• I improvised almost an entire gaming session after the kitsune PC expressed an interest in tracking down others of her kind.

  • Overall, my changes to the campaign included cuts to the first four books and additions to the last two, so there would be more focus on Minkai. In practice, this meant that the PCs crossed the Minkaian border almost exactly halfway through our gaming sessions.

  • Forest of Spirits: reflections

  • I think it can be effective to have an NPC shift to a different role in the story, in reaction to events during the game. This happened with Batsaikhar, when she changed from being eccentric and challenging to earnest when one of her guests was attacked. (In some games, NPCs can seem static and unaffected even by major events, and I think this can make those games feel less realistic.)

  • Tide of Honor and The Empty Throne: planned changes (campaign structure)

    I’m not intending to list all my changes to the final two books unless someone responds to ask for more detail - from this point, it might be quicker to describe the things that didn’t change. But my overall aims for this section of the campaign were:

  • to make the structure of the Minkaian sections less linear, allowing the PCs to choose where they go and how they tackle the various problems they face.
  • to remove the time constraints on the PCs - the ‘trick’ of the Seal described at the start of this thread enabled the PCs to travel through Minkai without being hunted by the authorities, as long as they kept up their disguises. (In previous Pathfinder games, our group had already played through two scenarios of acting on a deadline against relatively incompetent regimes, and I wanted to avoid repeating this.)

    I expanded the possibility of disrupting alliances among the Jade Regent’s followers to create a loose structure for the Minkaian sections of the campaign:

  • The PCs learn that the throne room in the Imperial Palace is a major artifact, essentially a large-scale bracelet of friends that will summon up to eight allies of the Regent into the alcoves if any combat or hostile spellcasting occurs in the room.

  • The best source of information about the Regent’s allies is a remarkably talented musician who has been employed to perform at the Palace on several past occasions. However, this musician is currently missing - he’s been kidnapped by Yugureda Shosaito, who wants to use the musician’s vague insights into possible futures to help with a plan to gain power.

  • The Regent’s allies are diverse, and some may be relatively easy to redeem or at least make bargains with, if the players choose (other approaches, including combat or trickery, are also available).

  • The decisions that the PCs make will affect later parts of the campaign. For example, attempting to redeem some of the Regent’s allies might be inherently more risky than killing them, because this could require revealing more information, but it also might be more advantageous if successful, because the redeemed allies would be able to provide useful new intelligence about the current regime.

  • Tide of Honor and The Empty Throne: planned changes (Minkai)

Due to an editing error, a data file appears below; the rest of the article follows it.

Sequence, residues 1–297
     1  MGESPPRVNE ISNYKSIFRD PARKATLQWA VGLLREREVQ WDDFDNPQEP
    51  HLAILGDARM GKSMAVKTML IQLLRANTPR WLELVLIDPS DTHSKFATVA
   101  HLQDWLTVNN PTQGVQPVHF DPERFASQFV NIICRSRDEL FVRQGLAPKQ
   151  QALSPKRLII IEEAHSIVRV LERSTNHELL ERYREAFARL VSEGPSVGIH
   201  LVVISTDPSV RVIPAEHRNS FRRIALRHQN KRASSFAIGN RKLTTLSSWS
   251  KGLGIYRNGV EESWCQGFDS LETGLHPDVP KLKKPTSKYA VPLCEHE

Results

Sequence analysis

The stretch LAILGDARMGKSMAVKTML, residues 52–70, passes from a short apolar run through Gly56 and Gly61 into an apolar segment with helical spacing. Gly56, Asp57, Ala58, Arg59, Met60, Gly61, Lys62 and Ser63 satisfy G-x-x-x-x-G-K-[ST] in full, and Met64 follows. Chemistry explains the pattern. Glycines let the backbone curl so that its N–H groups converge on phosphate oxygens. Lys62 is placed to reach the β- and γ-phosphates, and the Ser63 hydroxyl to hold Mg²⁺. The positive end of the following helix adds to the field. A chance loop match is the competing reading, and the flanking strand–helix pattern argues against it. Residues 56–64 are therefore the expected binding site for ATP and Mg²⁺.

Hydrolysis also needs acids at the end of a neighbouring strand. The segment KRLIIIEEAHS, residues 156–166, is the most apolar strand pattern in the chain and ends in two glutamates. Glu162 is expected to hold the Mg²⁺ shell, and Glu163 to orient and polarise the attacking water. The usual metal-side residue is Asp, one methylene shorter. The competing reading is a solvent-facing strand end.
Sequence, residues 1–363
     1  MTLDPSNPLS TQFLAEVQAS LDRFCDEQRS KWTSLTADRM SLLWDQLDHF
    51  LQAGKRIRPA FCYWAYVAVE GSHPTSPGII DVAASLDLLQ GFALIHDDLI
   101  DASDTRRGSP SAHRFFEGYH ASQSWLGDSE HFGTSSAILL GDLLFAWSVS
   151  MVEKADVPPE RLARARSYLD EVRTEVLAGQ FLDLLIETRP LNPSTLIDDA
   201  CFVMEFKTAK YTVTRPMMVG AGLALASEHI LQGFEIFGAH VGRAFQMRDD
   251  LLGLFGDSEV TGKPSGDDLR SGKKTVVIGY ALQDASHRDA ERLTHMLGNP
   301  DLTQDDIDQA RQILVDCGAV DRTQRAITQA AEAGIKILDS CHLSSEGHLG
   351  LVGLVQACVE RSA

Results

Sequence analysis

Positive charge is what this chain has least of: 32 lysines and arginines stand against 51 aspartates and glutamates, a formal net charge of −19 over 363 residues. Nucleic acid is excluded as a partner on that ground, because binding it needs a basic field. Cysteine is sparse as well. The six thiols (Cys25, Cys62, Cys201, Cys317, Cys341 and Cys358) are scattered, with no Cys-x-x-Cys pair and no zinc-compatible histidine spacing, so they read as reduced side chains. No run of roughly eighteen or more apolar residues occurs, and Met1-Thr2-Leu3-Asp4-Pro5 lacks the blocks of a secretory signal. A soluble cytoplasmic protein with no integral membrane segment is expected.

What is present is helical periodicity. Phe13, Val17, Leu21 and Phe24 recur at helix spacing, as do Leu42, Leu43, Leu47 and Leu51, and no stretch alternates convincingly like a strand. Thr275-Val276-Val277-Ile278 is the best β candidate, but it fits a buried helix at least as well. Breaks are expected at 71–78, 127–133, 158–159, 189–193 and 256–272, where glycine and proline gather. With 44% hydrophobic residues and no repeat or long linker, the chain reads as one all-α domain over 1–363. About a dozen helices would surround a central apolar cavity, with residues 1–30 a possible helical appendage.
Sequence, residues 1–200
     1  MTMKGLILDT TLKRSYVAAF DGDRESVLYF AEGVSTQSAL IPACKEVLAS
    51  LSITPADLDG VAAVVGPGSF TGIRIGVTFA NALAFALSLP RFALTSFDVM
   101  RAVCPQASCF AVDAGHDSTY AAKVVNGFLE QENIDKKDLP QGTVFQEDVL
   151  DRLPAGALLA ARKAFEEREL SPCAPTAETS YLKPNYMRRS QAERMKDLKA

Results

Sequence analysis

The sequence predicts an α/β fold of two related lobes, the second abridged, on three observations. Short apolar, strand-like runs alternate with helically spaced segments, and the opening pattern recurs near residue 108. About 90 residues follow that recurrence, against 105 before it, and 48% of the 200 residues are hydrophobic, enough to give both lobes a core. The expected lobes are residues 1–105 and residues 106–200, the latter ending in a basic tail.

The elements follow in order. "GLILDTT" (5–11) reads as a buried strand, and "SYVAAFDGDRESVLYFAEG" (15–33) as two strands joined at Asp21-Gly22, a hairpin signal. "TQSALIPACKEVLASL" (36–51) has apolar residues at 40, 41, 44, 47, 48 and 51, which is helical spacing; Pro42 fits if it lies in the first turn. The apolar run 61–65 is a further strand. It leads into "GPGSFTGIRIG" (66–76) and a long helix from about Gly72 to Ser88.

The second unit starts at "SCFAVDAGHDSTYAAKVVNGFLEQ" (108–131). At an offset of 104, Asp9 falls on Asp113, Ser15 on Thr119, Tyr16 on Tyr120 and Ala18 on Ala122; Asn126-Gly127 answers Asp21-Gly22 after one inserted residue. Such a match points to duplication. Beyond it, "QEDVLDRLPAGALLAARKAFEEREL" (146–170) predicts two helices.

• Minkai became a somewhat more multicultural place, with a community of people of Ulfen descent living in Sakakabe (mirroring the Jade Quarter in Kalsgard), and a few people of non-Minkaian ancestry in positions of authority (a Vudran magistrate was a sympathetic NPC, and a cleric of Ulfen descent was one of the Regent’s allies).

  • There were numerous proactive NPCs attempting rebellion against the regime (or who had rebelled in the past - the PCs had an opportunity to rescue the former lord of Enganoka from the petrification he’d been punished with after leading a failed revolt).

  • The government of Minkai was strongly lawful evil, with access to magic that supported its goals. The authorities punished ‘sedition’ (which included any suggestion that the Emperor was dead) harshly, and used spells such as zone of truth and detect thoughts to confirm that people who had been accused were in fact guilty. But one objective of the regime was that people who obeyed the laws without complaint would be protected and have a chance to prosper.

  • Minkai was somewhat more technologically advanced than Varisia or any of the countries the PCs travelled through on the journey. For example, the Regent’s regime has been developing and demonstrating reliable field artillery, and the missing musician has commissioned new versions of traditional instruments from local workshops.

  • Some social ideas, particularly about the role of nobility and the meaning of ‘honour’, have been shifting in recent generations, so that the cultural knowledge possessed by Ameiko and the PCs of Minkaian descent has become a bit out of date.

  • Tide of Honor and The Empty Throne: planned changes (the Imperial Shrine)

    Instead of bargaining, someone seeking the blessing of the past rulers will need to answer questions about moral challenges associated with making decisions in a position of power. And there is also likely to be a practical test of leadership inspired by recent events. So I was paying attention to the PCs’ actions during their adventures in Minkai, to look out for a choice that could lead to a suitable test…

    “I think we both knew it wasn’t going to be a long-term thing.” (Tide of Honor and The Empty Throne: what happened in the game)

    To summarise greatly: the PCs succeeded in overthrowing the Regent’s regime and bringing about the coronation of a new ruler, all without the need to incite rebellion and risk the deaths of innocent people (only one not-entirely-innocent-but-still-sympathetic NPC was lost along the way). Enough coffee plants survived the journey to ensure that the next generation could be securely established in its new home.